• Test new ideas and strategies before implementing them with real money. Once they are tested in real time, start small and only add capital to successful strategies. My worst losses last year were all on "exciting" strategy ideas that were implemented before adequate testing

  • Importance of building a watch list and waiting for the correct trade setup to show in the stocks in the watch list

  • Money management is the most important factor in success

  • One word - stops!

  • Cut losses and admit defeat when appropriate

  • Know my plan before making any trade and where I'm going to exit if wrong

  • How useful it can be to use ATR stops to limit losses

  • Trade execution and risk management are far more important to success than finding the best stocks/etfs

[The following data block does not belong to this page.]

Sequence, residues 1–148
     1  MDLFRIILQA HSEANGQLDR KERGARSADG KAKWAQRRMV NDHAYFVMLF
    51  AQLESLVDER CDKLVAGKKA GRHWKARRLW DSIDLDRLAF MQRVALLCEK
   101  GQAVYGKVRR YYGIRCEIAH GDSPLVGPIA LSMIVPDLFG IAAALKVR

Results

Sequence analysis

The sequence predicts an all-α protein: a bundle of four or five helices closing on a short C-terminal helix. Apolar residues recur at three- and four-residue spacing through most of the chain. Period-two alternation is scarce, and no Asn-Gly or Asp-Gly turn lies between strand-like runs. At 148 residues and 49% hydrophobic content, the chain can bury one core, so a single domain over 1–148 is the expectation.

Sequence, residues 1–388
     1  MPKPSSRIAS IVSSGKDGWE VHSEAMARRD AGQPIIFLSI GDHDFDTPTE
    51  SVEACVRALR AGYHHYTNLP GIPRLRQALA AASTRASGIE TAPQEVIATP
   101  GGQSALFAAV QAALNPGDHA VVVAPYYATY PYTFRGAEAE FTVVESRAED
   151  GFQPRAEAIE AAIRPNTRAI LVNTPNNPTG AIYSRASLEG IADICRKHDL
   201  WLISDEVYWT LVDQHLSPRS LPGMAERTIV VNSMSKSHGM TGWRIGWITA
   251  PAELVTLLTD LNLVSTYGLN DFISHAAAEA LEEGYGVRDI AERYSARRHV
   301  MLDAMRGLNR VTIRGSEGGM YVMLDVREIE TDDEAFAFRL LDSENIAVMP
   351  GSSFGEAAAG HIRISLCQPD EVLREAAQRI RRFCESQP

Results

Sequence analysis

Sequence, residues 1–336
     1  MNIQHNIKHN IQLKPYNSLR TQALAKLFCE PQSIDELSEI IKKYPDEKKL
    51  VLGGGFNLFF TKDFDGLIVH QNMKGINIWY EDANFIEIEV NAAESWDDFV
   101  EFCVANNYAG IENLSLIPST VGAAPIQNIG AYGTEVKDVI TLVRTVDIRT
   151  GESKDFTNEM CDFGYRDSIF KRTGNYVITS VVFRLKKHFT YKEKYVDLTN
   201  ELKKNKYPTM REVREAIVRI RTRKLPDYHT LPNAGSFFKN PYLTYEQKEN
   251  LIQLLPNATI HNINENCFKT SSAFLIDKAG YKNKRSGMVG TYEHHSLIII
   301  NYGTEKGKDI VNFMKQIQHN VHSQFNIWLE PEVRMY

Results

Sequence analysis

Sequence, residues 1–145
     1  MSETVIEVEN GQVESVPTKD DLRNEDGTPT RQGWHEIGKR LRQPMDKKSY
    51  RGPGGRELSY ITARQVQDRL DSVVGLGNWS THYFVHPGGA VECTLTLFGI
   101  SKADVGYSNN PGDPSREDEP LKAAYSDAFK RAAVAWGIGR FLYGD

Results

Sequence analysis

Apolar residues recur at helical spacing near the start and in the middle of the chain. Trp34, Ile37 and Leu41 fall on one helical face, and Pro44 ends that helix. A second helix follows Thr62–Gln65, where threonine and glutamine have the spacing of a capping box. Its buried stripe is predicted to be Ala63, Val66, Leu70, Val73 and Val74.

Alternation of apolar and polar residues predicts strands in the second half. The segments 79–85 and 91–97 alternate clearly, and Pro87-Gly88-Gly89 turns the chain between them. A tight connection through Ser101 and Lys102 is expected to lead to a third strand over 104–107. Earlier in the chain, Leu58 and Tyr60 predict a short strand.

• Risk and reward must be evaluated before every trade

  • Lost opportunities are easier to make up than lost capital

  • For every trade, you must have a plan B

  • Trading ETFs versus stocks is the correct approach for under capitalized portfolios

  • I learned a lot about lazy portfolio construction and simple timing models to boost risk-adjusted returns

  • Don't fight the Fed!

  • Markets can be irrational longer than you can remain solvent

  • Markets are rarely, if ever, rational or logical. Emotion, perception and liquidity rules

  • Be greedy when others are fearful

  • To think more like a market maker

  • Buy the dips in uptrending markets

  • Gut wrenching times are often most profitable times to invest

  • That "waiting for a pullback" when a market is going up is like "waiting for a better time to sell" when a market is going down. And that legging into a small position can still produce significant gains in an up market

  • Success comes with patience

  • Buying pullbacks on uptrending stocks worked better than chasing breakouts

  • Forced trades are usually loser trades